What our Supply Chain team did was against our nature since we are conditioned to analyze data, compare products and negotiate for best pricing for the best products. We didn’t have time or leverage to negotiate much, so we just focused on the goal of securing high-quality PPE supplies and moved as fast as we could.

How much stronger do you think your supply chain operations are now because of your experience with the pandemic?

Christie: We feel from this experience we can do anything. We also learned we can bring more value to the organization and be a key strategic asset. We’re serving more areas of the organization, and we’re serving each area even better than before. I can’t say enough about how our team responded, and that includes our supply chain partners like MedSpeed.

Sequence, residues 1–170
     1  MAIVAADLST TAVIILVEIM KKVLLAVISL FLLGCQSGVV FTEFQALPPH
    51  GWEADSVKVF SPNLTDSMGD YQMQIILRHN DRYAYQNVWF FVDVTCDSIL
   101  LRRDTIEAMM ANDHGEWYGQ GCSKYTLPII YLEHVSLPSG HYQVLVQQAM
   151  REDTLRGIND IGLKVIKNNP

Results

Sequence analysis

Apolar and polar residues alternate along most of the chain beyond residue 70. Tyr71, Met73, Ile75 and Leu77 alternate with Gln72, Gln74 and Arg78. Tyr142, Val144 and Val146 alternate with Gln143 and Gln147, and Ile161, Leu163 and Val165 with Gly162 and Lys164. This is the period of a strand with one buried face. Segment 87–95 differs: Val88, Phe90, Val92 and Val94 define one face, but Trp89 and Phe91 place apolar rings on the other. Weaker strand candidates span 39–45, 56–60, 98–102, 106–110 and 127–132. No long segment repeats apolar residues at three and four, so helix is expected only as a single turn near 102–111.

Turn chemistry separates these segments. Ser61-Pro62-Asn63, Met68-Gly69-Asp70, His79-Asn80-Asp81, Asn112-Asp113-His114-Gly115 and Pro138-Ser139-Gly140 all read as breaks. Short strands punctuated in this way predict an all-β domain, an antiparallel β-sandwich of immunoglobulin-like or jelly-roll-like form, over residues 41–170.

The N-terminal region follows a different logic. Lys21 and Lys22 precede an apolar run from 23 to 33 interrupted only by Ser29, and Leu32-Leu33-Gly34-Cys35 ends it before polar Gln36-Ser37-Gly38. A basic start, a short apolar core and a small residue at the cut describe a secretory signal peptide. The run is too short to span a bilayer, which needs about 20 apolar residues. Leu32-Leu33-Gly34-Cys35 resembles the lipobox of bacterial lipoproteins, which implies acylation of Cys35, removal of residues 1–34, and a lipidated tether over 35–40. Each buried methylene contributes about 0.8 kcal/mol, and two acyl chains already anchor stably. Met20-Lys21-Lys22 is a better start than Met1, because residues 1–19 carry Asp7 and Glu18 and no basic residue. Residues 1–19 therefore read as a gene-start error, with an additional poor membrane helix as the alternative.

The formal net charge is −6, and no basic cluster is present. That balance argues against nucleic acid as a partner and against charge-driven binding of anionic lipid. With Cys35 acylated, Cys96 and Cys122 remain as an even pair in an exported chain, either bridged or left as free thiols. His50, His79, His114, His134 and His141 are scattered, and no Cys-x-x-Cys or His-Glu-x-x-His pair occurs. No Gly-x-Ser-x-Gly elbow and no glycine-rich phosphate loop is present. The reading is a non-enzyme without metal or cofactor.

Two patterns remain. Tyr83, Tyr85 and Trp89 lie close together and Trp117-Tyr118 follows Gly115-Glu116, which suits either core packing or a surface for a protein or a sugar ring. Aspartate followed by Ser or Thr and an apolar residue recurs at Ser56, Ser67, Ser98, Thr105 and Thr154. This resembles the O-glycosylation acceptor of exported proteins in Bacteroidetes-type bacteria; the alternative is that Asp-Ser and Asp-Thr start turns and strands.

To learn more about Virtua, please visit the system’s website.

Thanks to the folks at MedSpeed for introducing us to Bill Christie at Virtua Health. We know the pandemic stretched and sometimes broke the supply chain in 2020, and we can all learn from organizations that managed the challenges well.

Click to learn more about MedSpeed’s logistics and medical courier services for health systems.

Bill Christie, Assistant Vice President Support Services, Virtua Health